Lawyer at LA County Health – Daily Breeze
The Los Angeles County Department of Public Health has hired an attorney and is trying to get a group of parents fired before they have a chance to enter the discovery phase, the legal process that allows attorneys to demand documents and sworn depositions.
The lawsuit was filed July 26 by attorney Julie Hamill on behalf of the Alliance for Los Angeles County Parents. It aims to stop the county’s public health department from reimposing a mask mandate that would require children to wear masks at school, saying masks are not a harmless precautionary measure but are harmful to children.
“The petitioning members have suffered greatly from previous health orders issued by the DPH, which required children aged two and over to wear masks in school, child care and in youth sports, among others for more than two years,” the lawsuit states. “The petitioning members suffered from speech delays, developmental delays, social isolation, depression, anxiety, learning loss, skin rashes, heat-related illnesses, migraines and those who could not tolerate masks were expelled from their schools and social communities.”
The county previously defeated restaurant owners who sued COVID restrictions, but officials may be more concerned about Hamill’s lawsuit. After initially blocking it by refusing to accept service of documents – Hamill eventually threatened to monitor director Barbara Ferrer’s home and serve her there – County has now hired a high-powered law firm to defend themselves against the group of parents. Sheppard Mullin’s website says it has “approximately 1,000 lawyers working in 16 offices around the world,” including London, New York, Brussels, Shanghai, Seoul and Washington, DC.
LA County Public Health Department Director Barbara Ferrer and County Health Officer Muntu Davis are now represented by Kent Raygor, a partner in Sheppard Mullin’s Century City office who specializes in commercial litigation, the intellectual property and media law and ‘reputation management‘.
In a letter dated Aug. 25, Raygor asked Hamill to “meet and discuss” the county’s intention to file a motion to dismiss the case. The letter says that because Ferrer decided in late July not to impose an indoor mask mandate, the lawsuit to stop the mandate is moot.
Hamill responded that the U.S. Supreme Court rejected a similar argument advanced by New York State in Roman Catholic Diocese of Brooklyn v. Cuomo. This case involved New York’s attendance limits for worship services in areas designated as “red” or “orange” to indicate the prevalence of COVID-19. Then-Governor. Andrew Cuomo argued the case was moot because the areas had turned “yellow”, meaning lighter restrictions than when the lawsuit was filed.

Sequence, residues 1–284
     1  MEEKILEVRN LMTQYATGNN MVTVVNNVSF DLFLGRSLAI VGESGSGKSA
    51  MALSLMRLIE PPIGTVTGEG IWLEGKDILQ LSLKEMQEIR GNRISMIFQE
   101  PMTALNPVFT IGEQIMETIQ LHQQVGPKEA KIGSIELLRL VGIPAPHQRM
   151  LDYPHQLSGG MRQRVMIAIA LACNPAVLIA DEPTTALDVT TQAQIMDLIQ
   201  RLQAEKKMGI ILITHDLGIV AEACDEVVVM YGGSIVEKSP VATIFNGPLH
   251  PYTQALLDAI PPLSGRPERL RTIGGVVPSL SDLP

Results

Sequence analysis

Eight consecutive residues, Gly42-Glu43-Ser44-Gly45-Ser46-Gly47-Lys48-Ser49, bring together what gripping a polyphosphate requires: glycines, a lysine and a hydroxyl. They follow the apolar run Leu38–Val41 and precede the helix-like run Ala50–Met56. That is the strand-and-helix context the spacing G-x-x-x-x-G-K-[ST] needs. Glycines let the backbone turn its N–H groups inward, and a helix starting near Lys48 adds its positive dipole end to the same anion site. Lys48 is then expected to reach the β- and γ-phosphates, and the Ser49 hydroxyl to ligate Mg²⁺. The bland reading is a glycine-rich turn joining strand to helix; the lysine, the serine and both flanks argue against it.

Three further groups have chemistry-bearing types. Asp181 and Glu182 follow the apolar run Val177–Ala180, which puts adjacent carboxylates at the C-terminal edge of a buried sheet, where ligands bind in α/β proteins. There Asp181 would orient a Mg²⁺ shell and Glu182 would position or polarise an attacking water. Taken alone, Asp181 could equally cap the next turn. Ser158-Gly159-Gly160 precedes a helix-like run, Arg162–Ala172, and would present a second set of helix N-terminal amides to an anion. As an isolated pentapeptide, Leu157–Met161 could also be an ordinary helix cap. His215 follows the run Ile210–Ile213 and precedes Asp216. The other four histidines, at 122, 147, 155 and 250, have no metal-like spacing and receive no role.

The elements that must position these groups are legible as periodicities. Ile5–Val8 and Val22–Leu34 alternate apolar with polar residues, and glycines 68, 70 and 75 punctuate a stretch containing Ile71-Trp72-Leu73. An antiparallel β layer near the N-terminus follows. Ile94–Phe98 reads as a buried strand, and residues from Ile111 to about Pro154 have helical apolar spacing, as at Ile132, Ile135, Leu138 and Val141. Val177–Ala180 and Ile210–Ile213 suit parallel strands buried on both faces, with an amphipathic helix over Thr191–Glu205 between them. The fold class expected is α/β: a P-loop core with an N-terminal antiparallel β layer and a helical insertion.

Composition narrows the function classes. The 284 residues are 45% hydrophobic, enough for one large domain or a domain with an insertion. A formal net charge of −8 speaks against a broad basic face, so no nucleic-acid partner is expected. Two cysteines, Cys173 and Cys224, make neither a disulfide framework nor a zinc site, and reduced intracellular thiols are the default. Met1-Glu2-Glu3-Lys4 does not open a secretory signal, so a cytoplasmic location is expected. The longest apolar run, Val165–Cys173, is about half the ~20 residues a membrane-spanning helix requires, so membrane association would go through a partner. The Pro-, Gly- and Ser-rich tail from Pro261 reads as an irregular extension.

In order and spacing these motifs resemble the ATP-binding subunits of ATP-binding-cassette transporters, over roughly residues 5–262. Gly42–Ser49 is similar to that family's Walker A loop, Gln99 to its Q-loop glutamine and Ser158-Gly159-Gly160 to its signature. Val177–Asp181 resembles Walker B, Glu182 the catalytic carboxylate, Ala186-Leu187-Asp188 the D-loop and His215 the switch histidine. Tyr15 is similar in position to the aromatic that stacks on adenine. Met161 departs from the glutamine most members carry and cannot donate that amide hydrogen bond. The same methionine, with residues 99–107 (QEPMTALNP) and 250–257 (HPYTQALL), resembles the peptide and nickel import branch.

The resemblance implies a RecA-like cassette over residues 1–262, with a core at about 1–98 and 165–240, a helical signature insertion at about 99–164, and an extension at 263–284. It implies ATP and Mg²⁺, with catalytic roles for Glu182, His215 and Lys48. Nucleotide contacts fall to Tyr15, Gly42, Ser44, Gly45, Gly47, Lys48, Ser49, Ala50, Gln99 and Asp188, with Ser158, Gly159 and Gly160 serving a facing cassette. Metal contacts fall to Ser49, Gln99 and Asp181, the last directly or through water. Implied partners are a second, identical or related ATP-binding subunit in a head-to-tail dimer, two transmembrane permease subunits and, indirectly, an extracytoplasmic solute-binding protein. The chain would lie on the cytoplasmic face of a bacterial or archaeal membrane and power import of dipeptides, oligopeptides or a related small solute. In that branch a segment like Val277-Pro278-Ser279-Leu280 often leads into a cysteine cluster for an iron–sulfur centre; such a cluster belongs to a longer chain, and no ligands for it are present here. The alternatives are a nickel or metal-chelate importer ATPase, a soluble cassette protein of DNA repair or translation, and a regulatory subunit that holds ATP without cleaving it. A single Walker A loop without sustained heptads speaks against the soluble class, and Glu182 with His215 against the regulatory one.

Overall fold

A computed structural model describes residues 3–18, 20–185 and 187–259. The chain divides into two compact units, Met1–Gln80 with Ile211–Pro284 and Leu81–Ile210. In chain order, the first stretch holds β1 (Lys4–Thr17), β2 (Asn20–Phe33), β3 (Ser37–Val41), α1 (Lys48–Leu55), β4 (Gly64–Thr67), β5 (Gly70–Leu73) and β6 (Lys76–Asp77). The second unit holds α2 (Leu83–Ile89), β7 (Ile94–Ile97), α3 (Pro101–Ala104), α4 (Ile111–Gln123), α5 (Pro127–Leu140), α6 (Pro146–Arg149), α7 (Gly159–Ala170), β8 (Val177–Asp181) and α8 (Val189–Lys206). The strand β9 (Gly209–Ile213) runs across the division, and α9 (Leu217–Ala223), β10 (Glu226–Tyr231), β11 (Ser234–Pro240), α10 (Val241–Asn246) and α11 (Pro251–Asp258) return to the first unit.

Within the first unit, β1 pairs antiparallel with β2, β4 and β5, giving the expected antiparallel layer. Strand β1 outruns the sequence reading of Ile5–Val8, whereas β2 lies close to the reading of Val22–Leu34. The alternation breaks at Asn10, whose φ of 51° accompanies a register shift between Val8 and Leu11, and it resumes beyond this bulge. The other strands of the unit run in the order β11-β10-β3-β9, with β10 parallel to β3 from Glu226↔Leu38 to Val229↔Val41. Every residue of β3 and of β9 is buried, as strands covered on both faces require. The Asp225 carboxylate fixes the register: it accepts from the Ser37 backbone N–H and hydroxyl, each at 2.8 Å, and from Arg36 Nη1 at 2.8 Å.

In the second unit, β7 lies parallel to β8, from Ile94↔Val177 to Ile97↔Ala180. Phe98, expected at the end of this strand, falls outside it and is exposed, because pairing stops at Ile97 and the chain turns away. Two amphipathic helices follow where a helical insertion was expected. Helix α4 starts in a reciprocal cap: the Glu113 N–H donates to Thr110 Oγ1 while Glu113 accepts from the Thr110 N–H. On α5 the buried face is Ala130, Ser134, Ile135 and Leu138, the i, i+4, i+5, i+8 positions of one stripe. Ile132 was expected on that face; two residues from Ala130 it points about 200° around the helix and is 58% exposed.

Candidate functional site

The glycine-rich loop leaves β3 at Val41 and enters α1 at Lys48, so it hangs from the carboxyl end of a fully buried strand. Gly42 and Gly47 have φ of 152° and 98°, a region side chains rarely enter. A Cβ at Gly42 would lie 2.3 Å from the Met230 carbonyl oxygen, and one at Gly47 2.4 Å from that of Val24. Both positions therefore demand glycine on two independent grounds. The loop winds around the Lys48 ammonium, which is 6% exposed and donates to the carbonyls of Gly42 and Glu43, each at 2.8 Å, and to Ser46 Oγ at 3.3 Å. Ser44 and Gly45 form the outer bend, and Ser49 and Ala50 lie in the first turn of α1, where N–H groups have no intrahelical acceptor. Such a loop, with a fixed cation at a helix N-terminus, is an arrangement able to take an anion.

A divided Supreme Court sided with places of worship. “It is clear that this matter is not moot,” the unsigned notice concluded, noting that “the petitioners remain under constant threat that the area in question will be reclassified as red or orange.”
The constant threat continues in Los Angeles County. On July 28, Ferrer used the word “pause” to describe what she decided to do about a universal indoor mask mandate.
Hamill offered the county a proposed settlement. “Our goal is not financial,” she wrote, “it is only to end the harm done to children by the defendants’ policies.” Hamill is asking the county to “reverse all child mask requirements,” including rules that require children to wear masks for 10 days whenever another child in the class tests positive for COVID. She also asks for a “promise to refrain from re-enforcing these harmful mandates,” or alternatively, “a public harms/benefit analysis regarding all COVID policies that uses” data that accurately reflects the number of hospitalized and deceased patients at cause of COVID instead of with COVID.”
If the lawsuit goes ahead, the discovery process will likely provide the parent group with that data, and more. A paper published in the journal Nature in February reports that commonly used face masks contain titanium dioxide, a chemical on California’s Proposition 65 list for a cancer risk if particles are inhaled. “Further toxicity and epidemiology research is needed to assess the risk of vulnerable populations, especially children,” the authors concluded.
No reason to worry. The county has a lawyer who specializes in “reputation management”.
Email Susan at [email protected] and follow her on Twitter @Susan_Shelley